UV/vis absorption

UV/vis absorption#

UV/vis spectroscopy is used to measure the amount of wavelengths of UV or visible light that is absorbed by or transmitted through a sample in comparison to a reference or blank sample. It is a property feeling the effect of the composition of the sample composition, and possibly able to provide information on the content and concentration of the sample.

Humans are able to see a spectrum of visible light, from approximately 380 nm, violet, to 780 nm, red. UV light corresponds to wavelengths shorter than that of visible light, and goes to approximately 100 nm. Therefore, light can be described by its wavelength, which can be useful In UV-Vis spectroscopy one analyzes or identify substances by locating the specific wavelengths corresponding to maximum absorbance.

A spectrophotometer is made with a light source, which passes first though a monochromator and/or through various types of filters, used to separate light keeping only photons within a narrow selection of wavelengths. Then the light beam passes through to the sample, where it is partly absorbed. Often after the monocromator the original beam is split (using appropriate setups) so that part of the light might go through the sample of interest, and the other through the reference sample. The beam(s) then hit a detector (a photomultiplyer tube, or a photodiode) which converts light into readable electronic signals.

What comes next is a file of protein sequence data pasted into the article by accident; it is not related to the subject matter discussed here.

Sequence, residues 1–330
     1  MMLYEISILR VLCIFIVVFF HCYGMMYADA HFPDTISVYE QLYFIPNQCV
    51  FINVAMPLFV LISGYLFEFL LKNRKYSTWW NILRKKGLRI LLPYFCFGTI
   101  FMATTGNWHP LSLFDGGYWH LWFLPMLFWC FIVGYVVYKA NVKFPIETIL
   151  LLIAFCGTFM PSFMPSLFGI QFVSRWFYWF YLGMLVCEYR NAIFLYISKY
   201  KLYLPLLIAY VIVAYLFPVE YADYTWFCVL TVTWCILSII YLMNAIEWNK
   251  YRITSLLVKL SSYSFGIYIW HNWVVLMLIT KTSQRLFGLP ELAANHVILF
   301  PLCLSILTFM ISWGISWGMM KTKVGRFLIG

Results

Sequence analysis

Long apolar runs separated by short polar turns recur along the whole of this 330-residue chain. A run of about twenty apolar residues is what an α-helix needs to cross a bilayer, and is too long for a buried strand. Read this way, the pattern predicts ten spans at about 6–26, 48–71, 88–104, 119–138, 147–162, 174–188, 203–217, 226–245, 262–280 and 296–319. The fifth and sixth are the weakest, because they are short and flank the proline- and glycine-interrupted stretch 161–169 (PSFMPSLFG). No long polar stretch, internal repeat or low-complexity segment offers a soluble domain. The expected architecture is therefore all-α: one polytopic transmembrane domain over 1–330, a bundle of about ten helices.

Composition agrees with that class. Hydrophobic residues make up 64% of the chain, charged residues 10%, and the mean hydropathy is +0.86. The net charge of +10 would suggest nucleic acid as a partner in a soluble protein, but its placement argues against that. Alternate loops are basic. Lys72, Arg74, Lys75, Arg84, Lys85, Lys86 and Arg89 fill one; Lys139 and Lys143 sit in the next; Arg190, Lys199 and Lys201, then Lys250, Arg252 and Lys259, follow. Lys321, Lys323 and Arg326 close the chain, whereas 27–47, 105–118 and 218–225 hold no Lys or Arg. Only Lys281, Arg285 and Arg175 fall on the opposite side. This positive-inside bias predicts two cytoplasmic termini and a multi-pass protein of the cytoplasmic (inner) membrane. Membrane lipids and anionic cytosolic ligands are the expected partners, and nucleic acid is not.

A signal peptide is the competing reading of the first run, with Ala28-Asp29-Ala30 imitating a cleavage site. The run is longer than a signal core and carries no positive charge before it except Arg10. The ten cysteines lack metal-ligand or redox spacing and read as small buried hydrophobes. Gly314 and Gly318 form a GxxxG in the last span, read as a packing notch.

From the point of view of the theoretical scientist trying to interprete and rationalize then effect, the most common used approximation is the Beer-Lambert law, stating that the intensity of light passing through an absorbing medium decreases exponentially. The transmitted intensity \(I\) is related to the incident intensity \(I_0\) via the relationship

\[ \log (\frac{I_0}{I}) = A = \epsilon_0 c L \]

where the absorbance \(A\) is shown to be connected to the concentration of the absorber (\(c\)), to the length of the optical path within the sample (\(L\)) and to the extinction coefficient, or molar absorptivity \(\epsilon\), a fundamental property of the absorbing species in the specific environment, depending on the wavelength of the radiation and on the experimental parameters (pressure, temperature). The intensity of light being proportional to the square of the amplitude of the electromagnetic field, in turn related to the refraction index \(n\), the link between \(\epsilon\) and \(n\) is immediate. Both quantities, governing the behavior of light in refractive and absorptive regions of the eletromagnetic spectra, can be expanded in powers of the light intensity, since they also depend on it. We distinguish linear absorbance (that described by the first, intensity-independent, term of these power expansions) from the nonlinear absorbance, which is intensity-dependent, becoming more and more relevant as laser sources of stronger intensities are brought into play. In the following we will therefore distinguish linear, or one-photon, absorption (OPA) - or more genarally optical processes - from the nonlinear, multi-photon absorption (MPA).